Creating Believable Emotional Virtual Characters

  • Author / Creator
    Desai, Neesha J
  • Believable, realistic video game character behaviour continues to lag behind the improvements in graphics, stories and game play in video games. In this dissertation we focus on the use of two techniques, emotional gaits and emotional incidents, as a way to add easily identifiable, non-verbal, and non-facial emotion to background game characters, thereby increasing the believability of these characters. Emotional gaits refers to the body posture, hand/arm positioning, walk and walking speed of the characters. An emotional incident is an emotion-specific interaction between characters or between characters and props within the game world. The selection and implementation of the techniques was designed to be easily scaled to large numbers of characters and require a minimal number of additional animations. These techniques (emotional gaits and emotional incidents) were analyzed through six different user studies. The examination focused on three aspects: 1) the ease of emotion identification when the behaviour was isolated, 2) whether the gender of the participants and characters affected the results, and 3) emotion identification when observed during normal game play. The results show that participants were able to accurately identify the emotions, that the combination of both emotional gaits and emotional incidents was best overall (but some emotions could be equally achieved with only one), that there were some small differences based on participant gender, and that participants could easily and quickly learn to identify the character emotions when observed within a game world.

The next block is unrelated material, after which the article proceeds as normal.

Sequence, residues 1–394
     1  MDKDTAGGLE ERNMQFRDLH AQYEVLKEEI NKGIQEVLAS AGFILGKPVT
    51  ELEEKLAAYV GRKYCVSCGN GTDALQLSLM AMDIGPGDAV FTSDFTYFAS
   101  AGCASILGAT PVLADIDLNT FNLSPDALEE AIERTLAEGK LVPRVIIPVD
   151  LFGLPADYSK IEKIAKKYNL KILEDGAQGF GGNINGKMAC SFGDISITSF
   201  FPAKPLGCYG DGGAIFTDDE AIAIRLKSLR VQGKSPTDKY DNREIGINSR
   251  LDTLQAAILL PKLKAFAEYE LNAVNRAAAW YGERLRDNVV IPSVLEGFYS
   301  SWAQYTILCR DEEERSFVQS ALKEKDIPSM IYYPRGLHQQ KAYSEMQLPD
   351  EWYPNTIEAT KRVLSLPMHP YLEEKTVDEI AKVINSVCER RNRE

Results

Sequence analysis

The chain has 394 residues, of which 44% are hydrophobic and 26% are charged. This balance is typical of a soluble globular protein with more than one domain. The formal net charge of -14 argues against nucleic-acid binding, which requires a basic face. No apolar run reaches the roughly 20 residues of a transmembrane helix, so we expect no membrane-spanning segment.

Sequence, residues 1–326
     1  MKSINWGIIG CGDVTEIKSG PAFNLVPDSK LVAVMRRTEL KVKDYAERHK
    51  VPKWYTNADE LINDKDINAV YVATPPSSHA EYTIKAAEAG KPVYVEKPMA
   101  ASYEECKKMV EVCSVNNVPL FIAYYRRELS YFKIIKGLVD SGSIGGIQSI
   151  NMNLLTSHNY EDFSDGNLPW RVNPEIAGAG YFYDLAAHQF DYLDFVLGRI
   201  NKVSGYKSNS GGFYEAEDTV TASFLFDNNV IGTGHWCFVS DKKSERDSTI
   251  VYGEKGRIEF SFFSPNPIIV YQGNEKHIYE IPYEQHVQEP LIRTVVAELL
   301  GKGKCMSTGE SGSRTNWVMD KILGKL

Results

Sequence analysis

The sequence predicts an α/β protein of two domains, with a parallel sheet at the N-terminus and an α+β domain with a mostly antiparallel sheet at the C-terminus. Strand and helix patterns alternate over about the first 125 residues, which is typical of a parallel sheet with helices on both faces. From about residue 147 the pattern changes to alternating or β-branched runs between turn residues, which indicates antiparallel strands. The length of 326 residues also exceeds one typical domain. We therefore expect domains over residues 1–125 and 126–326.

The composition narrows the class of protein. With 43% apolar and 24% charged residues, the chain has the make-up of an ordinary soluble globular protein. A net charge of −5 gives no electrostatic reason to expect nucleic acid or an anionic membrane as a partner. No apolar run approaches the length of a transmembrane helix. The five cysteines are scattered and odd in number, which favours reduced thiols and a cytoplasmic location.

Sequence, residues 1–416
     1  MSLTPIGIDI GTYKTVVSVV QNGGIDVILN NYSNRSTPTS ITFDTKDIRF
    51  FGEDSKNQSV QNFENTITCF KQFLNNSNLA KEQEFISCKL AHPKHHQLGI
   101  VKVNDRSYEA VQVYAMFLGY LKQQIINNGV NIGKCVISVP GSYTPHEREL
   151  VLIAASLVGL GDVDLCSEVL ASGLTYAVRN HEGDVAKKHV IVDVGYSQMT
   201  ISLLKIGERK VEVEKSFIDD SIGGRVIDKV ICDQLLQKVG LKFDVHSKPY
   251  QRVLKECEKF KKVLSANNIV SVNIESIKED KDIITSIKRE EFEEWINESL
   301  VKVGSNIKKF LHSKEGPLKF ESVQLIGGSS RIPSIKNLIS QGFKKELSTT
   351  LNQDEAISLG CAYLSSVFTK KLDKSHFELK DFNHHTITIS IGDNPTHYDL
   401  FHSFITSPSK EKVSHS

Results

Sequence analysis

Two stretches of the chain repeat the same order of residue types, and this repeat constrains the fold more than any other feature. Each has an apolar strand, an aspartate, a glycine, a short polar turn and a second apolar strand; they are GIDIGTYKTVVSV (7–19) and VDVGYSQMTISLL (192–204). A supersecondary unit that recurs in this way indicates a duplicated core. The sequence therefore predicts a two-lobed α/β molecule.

• Subjects / Keywords
  • Graduation date
  • Type of Item
  • Degree
    Doctor of Philosophy
  • DOI
  • License
    This thesis is made available by the University of Alberta Libraries with permission of the copyright owner solely for non-commercial purposes. This thesis, or any portion thereof, may not otherwise be copied or reproduced without the written consent of the copyright owner, except to the extent permitted by Canadian copyright law.
  • Language
  • Institution
    University of Alberta
  • Degree level
  • Department
  • Supervisor / co-supervisor and their department(s)
  • Examining committee members and their departments
    • Carbonaro, Michael (Educational Psychology)
    • Bulitko, Vadim (Computing Science)
    • Mandryk, Regan (Computer Science, University of Saskatchewan)
    • Gouglas, Sean (Humanities Computing)